think of the children



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think of the children (usually imperative)

  1. (usually as an interjection) An appeal to suspend rational consideration of an issue owing to its presumptive negative effects on the young and impressionable, usually in ironic or mocking parody of another's argumentum ad passiones or moral panic.
  2. A sincere plea to consider the young.
    • 1964, Bill Walsh & al., Mary Poppins (in English), Walt Disney Pictures:
      Mrs Banks: Katie Nanna, I beseech you. Please reconsider. Think of the children. Think of Mr Banks. He was just beginning to get used to you.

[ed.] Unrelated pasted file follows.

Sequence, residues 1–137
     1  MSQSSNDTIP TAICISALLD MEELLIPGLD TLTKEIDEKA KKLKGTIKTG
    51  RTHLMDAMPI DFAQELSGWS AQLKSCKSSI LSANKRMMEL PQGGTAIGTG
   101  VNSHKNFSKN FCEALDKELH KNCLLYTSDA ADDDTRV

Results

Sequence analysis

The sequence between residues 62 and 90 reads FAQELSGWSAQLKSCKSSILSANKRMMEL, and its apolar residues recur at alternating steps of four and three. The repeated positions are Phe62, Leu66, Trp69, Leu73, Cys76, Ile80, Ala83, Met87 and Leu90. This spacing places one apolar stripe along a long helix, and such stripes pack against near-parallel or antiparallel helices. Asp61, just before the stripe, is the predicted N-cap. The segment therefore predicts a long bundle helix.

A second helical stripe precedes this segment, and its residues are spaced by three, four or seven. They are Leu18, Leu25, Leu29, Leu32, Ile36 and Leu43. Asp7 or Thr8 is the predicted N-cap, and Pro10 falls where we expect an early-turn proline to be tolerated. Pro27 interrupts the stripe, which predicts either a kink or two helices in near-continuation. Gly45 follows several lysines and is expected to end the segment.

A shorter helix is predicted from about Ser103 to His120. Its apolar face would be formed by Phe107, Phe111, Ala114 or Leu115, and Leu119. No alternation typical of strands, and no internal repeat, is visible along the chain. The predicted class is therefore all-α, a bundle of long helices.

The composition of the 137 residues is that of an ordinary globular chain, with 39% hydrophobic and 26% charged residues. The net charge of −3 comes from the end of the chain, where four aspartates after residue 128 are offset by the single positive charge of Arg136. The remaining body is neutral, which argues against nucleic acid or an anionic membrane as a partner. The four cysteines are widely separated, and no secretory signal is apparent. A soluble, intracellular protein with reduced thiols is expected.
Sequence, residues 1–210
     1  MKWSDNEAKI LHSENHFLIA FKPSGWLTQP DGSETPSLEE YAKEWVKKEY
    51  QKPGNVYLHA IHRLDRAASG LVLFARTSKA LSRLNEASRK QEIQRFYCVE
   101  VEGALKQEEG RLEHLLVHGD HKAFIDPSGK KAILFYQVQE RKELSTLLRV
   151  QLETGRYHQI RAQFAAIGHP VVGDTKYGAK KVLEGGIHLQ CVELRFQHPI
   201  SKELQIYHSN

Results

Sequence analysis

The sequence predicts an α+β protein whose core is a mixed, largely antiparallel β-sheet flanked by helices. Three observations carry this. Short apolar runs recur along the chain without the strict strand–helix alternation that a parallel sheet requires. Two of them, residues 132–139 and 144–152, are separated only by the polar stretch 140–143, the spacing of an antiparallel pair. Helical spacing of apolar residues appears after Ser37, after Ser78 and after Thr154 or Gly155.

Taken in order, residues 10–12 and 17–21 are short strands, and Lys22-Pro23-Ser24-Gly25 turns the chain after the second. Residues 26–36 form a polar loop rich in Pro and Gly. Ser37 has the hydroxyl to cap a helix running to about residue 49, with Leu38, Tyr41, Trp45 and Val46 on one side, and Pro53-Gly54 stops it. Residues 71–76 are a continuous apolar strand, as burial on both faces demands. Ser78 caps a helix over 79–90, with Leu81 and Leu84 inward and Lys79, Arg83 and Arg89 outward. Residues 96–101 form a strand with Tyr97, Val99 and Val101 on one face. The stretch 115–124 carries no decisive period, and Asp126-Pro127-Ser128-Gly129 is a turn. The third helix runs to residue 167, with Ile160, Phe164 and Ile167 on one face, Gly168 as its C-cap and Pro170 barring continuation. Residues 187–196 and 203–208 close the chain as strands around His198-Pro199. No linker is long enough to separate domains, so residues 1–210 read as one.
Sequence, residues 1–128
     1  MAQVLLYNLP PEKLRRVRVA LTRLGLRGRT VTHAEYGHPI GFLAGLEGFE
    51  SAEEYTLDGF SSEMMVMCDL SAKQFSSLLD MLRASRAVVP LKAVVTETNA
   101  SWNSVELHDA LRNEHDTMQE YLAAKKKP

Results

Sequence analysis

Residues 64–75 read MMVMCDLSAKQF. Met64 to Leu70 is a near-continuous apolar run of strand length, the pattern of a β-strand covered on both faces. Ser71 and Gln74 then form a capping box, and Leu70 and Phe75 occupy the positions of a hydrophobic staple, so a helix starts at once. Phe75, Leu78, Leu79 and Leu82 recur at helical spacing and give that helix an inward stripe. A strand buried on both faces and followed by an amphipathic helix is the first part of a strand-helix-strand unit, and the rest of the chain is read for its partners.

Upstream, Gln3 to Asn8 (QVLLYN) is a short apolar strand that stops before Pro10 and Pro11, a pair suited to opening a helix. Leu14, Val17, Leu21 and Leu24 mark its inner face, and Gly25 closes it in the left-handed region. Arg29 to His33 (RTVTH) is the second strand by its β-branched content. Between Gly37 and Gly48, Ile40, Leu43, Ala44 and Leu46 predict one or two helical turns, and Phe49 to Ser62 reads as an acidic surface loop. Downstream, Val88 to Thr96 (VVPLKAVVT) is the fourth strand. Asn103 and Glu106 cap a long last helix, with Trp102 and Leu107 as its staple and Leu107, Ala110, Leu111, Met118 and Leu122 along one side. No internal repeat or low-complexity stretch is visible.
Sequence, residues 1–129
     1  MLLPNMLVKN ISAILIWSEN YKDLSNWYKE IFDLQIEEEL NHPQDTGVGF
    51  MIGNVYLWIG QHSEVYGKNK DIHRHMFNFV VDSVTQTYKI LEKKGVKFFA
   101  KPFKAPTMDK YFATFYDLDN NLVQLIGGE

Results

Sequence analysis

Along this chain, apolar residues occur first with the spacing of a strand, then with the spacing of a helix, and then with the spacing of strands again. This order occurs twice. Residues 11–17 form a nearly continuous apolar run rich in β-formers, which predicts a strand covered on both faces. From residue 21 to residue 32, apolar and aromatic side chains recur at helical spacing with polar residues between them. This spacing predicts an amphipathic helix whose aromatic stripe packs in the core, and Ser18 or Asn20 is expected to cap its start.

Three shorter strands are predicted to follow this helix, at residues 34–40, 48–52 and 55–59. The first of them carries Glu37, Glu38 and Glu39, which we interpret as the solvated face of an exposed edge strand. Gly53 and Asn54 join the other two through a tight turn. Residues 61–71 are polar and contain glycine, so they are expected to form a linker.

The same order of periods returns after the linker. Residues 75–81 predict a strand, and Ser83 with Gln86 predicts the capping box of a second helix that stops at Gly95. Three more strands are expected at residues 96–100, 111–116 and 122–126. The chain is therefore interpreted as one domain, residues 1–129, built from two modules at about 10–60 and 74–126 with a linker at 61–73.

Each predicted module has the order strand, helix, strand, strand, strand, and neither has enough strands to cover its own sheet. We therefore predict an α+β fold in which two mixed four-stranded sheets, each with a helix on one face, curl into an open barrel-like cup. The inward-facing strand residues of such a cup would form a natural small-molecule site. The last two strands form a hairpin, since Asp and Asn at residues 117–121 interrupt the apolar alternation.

• 1996 July 31, U.S. Representative Deborah Pryce, “Conference Report on H.R. 3734, Personal Responsibility and Opportunity Reconciliation Act of 1996”, in Congressional Record[1], volume 142, United States Government Printing Office, retrieved November 3, 2014, pages H9392-H9424:
      In closing, Mr. Speaker, I urge my colleagues to have the courage to set aside the status quo, to think of the children and families of this Nation and to embrace real reform. I urge a 'yes' vote on both sides of the aisle for this rule and the conference report.

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